The Most Important Voters In The Election Are Giving Democrats A Dangerous Warning

Voters within competitive U.S. House and Senate districts give President Barack Obama a putrid approval rating and prefer a generic Republican candidate to a Democratic one, according to a Politico poll that served to remind of Democrats’ fundamental disadvantages in this year’s midterm elections.

The Politico poll surveyed 867 voters from a number of competitive House districts and 16 states with competitive Senate races. Among these voters, Obama is not popular — and neither is the health-care overhaul he has championed after its first open enrollment period.

Some key points from the poll:

  • Obama’s approval rating sits at only 40%, lower the national Real Clear Politics average of about 44%.
  • 55% still think the country is on the “wrong track.”
  • 41% said if the election were held today, they would vote for the Republican candidate in their district. Only 34% said they would vote for the Democratic candidate.
  • Almost half of voters in the competitive districts want to repeal the Affordable Care Act, a higher percentage than nationally. A plurality, however — 51% — said the law should be kept as is or fixed.
  • 89% of respondents said health care would be “very important” in determining who they vote for in November.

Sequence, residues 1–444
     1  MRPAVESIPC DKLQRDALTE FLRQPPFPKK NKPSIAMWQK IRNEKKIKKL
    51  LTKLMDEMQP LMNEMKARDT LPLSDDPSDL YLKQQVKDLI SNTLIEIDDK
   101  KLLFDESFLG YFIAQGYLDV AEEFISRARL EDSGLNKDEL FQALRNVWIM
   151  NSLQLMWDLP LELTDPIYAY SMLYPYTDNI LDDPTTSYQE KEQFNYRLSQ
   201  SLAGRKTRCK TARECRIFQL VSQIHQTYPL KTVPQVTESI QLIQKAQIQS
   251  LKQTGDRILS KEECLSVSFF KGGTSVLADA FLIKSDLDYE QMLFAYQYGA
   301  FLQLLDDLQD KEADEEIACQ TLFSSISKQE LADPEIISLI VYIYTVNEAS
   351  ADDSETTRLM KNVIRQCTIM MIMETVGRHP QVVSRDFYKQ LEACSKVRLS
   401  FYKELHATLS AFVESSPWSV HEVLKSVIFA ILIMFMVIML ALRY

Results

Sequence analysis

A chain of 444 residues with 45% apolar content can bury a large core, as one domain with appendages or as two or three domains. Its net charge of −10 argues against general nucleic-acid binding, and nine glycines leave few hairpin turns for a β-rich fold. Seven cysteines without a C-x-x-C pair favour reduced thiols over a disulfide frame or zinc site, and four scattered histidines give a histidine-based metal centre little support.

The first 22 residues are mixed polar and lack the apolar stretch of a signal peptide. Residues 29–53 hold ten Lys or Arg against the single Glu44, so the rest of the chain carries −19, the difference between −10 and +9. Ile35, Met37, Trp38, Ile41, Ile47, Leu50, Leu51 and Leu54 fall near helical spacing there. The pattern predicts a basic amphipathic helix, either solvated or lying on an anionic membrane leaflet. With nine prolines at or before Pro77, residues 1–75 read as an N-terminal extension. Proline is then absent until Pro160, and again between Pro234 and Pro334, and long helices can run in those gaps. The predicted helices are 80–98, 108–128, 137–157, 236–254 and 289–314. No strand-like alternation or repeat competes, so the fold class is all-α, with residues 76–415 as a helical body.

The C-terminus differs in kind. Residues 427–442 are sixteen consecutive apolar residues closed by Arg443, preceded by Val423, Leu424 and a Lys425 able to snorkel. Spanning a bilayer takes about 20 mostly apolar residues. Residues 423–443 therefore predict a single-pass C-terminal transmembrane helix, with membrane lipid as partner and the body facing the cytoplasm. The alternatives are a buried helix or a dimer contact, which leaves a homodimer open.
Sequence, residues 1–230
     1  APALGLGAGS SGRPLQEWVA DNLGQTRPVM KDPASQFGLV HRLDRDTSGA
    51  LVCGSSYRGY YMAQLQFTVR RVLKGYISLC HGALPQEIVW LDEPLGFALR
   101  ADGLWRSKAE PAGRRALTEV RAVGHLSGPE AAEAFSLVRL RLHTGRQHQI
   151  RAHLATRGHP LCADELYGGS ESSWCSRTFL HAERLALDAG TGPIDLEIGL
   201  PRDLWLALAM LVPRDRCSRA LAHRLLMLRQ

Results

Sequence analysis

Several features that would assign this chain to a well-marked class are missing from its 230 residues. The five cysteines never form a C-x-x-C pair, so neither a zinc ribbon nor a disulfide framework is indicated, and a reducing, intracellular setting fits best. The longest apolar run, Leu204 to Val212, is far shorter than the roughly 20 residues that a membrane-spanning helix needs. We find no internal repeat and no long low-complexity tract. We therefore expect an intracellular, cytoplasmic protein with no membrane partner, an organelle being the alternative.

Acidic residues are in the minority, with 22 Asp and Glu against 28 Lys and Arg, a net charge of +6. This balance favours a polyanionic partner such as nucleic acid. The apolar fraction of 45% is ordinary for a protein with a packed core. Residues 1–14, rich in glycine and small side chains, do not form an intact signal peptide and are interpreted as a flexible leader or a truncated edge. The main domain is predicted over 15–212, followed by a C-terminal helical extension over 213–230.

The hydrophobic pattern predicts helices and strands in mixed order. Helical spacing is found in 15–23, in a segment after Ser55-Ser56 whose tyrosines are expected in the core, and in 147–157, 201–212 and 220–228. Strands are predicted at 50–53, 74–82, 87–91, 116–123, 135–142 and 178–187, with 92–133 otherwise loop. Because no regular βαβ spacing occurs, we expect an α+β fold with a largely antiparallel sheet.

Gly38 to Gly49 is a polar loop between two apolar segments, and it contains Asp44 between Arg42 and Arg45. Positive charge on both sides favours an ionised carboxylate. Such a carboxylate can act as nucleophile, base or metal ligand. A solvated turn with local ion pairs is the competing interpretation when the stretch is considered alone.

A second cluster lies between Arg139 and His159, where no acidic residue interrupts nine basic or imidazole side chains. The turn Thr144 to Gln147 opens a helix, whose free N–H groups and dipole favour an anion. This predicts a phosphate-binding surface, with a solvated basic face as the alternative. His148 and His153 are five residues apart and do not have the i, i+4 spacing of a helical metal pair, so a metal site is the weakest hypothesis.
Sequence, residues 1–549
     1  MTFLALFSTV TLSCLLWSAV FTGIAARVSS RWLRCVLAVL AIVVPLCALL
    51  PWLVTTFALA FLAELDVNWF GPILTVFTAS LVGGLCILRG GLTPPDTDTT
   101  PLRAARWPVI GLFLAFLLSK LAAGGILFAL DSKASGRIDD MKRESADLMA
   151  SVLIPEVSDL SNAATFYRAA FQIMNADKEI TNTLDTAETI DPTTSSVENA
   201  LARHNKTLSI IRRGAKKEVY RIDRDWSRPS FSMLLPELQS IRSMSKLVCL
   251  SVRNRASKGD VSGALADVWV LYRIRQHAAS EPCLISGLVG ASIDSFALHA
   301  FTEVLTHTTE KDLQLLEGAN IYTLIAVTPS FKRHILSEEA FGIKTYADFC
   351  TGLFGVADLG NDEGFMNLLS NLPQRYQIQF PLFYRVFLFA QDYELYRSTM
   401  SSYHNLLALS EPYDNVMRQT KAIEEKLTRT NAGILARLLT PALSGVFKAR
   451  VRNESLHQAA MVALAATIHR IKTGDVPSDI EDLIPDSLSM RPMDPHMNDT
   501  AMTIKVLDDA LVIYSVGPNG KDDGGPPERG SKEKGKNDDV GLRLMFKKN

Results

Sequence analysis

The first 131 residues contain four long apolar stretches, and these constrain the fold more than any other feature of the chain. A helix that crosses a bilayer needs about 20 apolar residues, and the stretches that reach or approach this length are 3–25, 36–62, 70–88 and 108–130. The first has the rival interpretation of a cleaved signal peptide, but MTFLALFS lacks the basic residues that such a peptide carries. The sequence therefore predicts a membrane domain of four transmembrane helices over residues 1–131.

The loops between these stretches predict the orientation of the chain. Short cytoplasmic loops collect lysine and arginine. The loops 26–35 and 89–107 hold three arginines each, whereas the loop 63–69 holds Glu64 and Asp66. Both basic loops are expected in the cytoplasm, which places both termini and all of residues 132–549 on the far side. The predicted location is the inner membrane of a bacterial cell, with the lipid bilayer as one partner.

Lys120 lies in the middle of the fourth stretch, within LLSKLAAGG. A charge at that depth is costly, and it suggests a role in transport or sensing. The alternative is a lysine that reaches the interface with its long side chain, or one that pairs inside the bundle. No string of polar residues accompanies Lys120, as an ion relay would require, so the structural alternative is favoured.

Voters align with Democrats’ positions on some other issues — immigration reform, background checks on gun purchases, and income equality, for example. But voters said those issues will not be nearly as important as health care in determining their vote.

Poll after poll this election season has displayed the Republican advantage. A Pew Research/USA Today poll released earlier this month showed Republicans heading into the midterm elections at their strongest point in about two decades. Overall, Democrats are plagued by the still-sluggish economy, the unpopularity of the Affordable Care Act, and the undesirable views of President Obama.

Republicans are almost certain to keep control of the House of Representatives. The key question is whether they can swing the six seats they need to regain control of the Senate.

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